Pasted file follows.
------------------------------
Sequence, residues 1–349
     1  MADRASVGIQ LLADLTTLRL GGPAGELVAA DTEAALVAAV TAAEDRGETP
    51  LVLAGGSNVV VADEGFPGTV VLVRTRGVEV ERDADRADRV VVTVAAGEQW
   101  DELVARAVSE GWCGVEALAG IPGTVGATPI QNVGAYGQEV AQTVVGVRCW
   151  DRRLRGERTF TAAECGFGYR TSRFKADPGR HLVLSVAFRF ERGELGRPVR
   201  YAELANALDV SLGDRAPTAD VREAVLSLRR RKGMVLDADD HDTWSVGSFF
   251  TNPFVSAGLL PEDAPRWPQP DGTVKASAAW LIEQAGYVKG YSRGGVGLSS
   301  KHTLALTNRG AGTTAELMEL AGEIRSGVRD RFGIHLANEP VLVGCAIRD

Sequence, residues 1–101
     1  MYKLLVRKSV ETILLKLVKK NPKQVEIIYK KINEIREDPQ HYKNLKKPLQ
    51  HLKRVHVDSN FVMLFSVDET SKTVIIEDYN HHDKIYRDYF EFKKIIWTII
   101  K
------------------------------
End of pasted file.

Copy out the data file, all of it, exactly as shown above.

Sequence, residues 1–349
     1  MADRASVGIQ LLADLTTLRL GGPAGELVAA DTEAALVAAV TAAEDRGETP
    51  LVLAGGSNVV VADEGFPGTV VLVRTRGVEV ERDADRADRV VVTVAAGEQW
   101  DELVARAVSE GWCGVEALAG IPGTVGATPI QNVGAYGQEV AQTVVGVRCW
   151  DRRLRGERTF TAAECGFGYR TSRFKADPGR HLVLSVAFRF ERGELGRPVR
   201  YAELANALDV SLGDRAPTAD VREAVLSLRR RKGMVLDADD HDTWSVGSFF
   251  TNPFVSAGLL PEDAPRWPQP DGTVKASAAW LIEQAGYVKG YSRGGVGLSS
   301  KHTLALTNRG AGTTAELMEL AGEIRSGVRD RFGIHLANEP VLVGCAIRD

Sequence, residues 1–101
     1  MYKLLVRKSV ETILLKLVKK NPKQVEIIYK KINEIREDPQ HYKNLKKPLQ
    51  HLKRVHVDSN FVMLFSVDET SKTVIIEDYN HHDKIYRDYF EFKKIIWTII
   101  K